Generally, the function of a concentrator it to process the incoming streams and to merge them into a single or composite copy of the source signal data stream that is then output from the concentrator. A concentrator removes duplicate packets and preferably outputs a single stream feed. This processing is quite advantageous. In particular, given several copies of a stream, even if they are all lossy, a single pristine stream can be generated from the remnants of the duplicate streams. The technique is very robust and can take a large number of failures before end user experience is impaired.

The processing of the data streams may be accomplished in a number of different ways. FIG. 3, for example, is a flowchart illustrating a first embodiment of the processing routine wherein the concentrator transmits only the first copy of each packet in the stream. Copies of packets that have already been transmitted are simply discarded. FIG. 4 illustrates a second embodiment of the processing routine wherein multiple copies of the streams are buffered to enable out-of-order packets to be reordered as the output is generated. Each of the embodiments will now be described in detail.

Referring now to FIG. 3, a first embodiment of the processing routine utilizes an array f(i) for the source signal. An element in the data array has a given first value, e.g., 1, if packet i in the stream has been forwarded from the concentrator and a second value, e.g., 0, otherwise. The routine begins at step 300. At step 302, an instance of the processing routine is spawned, typically when the first packet of the stream arrives at the concentrator. At step 304, the array is initialized. The processing routine then continues at step 306 to test whether a packet i has been received from one of the incoming streams. If not, the routine cycles. If, however, the outcome of the test at step 306 is positive, which indicates that the packet has been received, a test is performed at step 308 to determine whether f(i)=0. If so (because this is the first occurrence of the packet i), the routine continues at step 310 to forward the packet from the concentrator without delay. At step 312, the routine updates the array by setting the value of the packet i in the array equal to 0. Control then returns to step 306. If, however, the outcome of the test at step 308 indicates that f(i) is not equal to 0, then the routine continues at step 314 to discard the packet (since it has already been forwarded).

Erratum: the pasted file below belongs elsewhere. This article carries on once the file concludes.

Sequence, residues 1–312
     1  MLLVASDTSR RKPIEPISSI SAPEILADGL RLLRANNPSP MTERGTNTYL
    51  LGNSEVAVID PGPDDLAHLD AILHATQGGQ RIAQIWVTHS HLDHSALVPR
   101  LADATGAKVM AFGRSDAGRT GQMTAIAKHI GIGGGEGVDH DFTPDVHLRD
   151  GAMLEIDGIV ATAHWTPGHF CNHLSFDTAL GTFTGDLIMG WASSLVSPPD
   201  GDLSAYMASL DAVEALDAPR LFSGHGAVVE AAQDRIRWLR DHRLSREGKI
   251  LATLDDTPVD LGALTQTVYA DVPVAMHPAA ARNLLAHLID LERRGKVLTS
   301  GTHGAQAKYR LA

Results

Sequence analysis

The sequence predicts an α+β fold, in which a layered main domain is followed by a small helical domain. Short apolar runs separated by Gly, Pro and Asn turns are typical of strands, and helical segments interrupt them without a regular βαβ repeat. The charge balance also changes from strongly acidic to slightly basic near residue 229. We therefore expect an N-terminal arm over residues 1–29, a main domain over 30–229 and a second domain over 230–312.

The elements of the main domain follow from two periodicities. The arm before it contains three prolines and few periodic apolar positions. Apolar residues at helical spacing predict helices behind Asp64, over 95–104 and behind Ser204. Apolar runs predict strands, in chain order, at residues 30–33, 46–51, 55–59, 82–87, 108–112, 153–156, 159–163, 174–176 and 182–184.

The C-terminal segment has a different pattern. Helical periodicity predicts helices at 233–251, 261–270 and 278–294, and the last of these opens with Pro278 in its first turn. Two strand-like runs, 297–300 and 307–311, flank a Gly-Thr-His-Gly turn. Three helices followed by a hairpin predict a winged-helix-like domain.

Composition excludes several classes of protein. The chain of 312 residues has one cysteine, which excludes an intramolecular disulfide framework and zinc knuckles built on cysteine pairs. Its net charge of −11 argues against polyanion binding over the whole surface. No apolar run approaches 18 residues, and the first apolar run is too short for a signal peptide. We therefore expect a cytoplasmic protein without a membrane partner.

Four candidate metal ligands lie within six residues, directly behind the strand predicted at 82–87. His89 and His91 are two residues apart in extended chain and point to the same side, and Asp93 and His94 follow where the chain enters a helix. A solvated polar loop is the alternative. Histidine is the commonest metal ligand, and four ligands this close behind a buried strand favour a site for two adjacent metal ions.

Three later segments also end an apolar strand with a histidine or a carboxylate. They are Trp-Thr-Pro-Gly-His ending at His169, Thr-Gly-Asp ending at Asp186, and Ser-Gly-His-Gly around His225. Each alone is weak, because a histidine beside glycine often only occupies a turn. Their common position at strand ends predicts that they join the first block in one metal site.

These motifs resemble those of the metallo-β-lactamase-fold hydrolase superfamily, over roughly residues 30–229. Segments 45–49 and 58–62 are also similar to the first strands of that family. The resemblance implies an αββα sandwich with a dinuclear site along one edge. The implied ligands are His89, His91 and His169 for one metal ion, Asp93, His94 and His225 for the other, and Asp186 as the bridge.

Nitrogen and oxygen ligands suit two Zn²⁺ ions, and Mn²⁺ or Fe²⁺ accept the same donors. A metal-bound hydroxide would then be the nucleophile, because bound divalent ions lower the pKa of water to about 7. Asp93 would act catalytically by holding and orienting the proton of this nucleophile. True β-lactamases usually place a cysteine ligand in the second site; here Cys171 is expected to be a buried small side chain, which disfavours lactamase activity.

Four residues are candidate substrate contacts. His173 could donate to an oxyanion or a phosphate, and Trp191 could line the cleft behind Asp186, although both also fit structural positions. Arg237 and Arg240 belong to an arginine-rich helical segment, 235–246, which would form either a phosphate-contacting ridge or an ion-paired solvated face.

Thus, in effect, the processing routine parses packets as they arrive at the concentrator. If the parser has already seen the stream packet, the packet is discarded; otherwise, it is forwarded.

The processing routine of FIG. 3 is advantageous in that it is simple to implement and does not introduce any delay into the streams (which, for example, might be caused by waiting for a particular copy of a packet to arrive). This routine also has the desirable feature that a complete stream can be reconstructed from two or more partial streams. Thus, as long as the incoming copies of the stream collectively contain all the packets in the original stream, then the concentrator will produce a copy of the original stream.

As an example, and with reference to FIG. 2 again, if one of the splitters (e.g., B1) ceases to function, then each of concentrators C1, . . . C4 will still receive the stream from splitter B3 and each of concentrators C5, . . . , C8 will still receive the stream from splitter B4. There is never an interruption of the signal transmitted by any of the concentrators in this illustrative example. This property is preserved irrespective of which splitter is not functioning. Indeed, even if two splitters (e.g., B1 and B3) suffer packet loss, it is still possible for each of the concentrators C1, . . . C4 to reconstruct the original signal using the process described above (provided that the packet loss is less than 50%).

Referring now to FIG. 4, an alternate embodiment is shown wherein each incoming stream at a concentrator has a buffer associated therewith. By buffering stream packets, the concentrator may reorder the packets in the stream before output. The routine begins at step 400. At step 402, the buffers are initialized. The routine then continues at step 404 to test whether a given cycle has elapsed. If not, the routine continues at step 406 (for each stream) to test whether a given incoming packet (for the stream) has already been forwarded. If the outcome of the test at step 406 is positive, the routine discards the packet at step 408. If the given incoming packet has not been forwarded, the packet is buffered at step 410. Control then returns to step 404. Using the buffering scheme, for example, packets from stream UDP1 are buffered in a first buffer, packets from stream UDP2 are buffered in a second buffer, and so on. When the outcome of the test at step 404 indicates that the given cycle has elapsed, control branches to step 412 to identify the packet that is the earliest in the stream sequence. At step 414, a test is performed to determine whether this packet is out of sequence. If so, the routine reorders the packets as necessary at step 416. The resulting stream is then output from the concentrator at step 418. At step 420, the array is updated to reflect the packets that have been forwarded. Step 418 is also reached if there is a negative outcome of the test at step 414.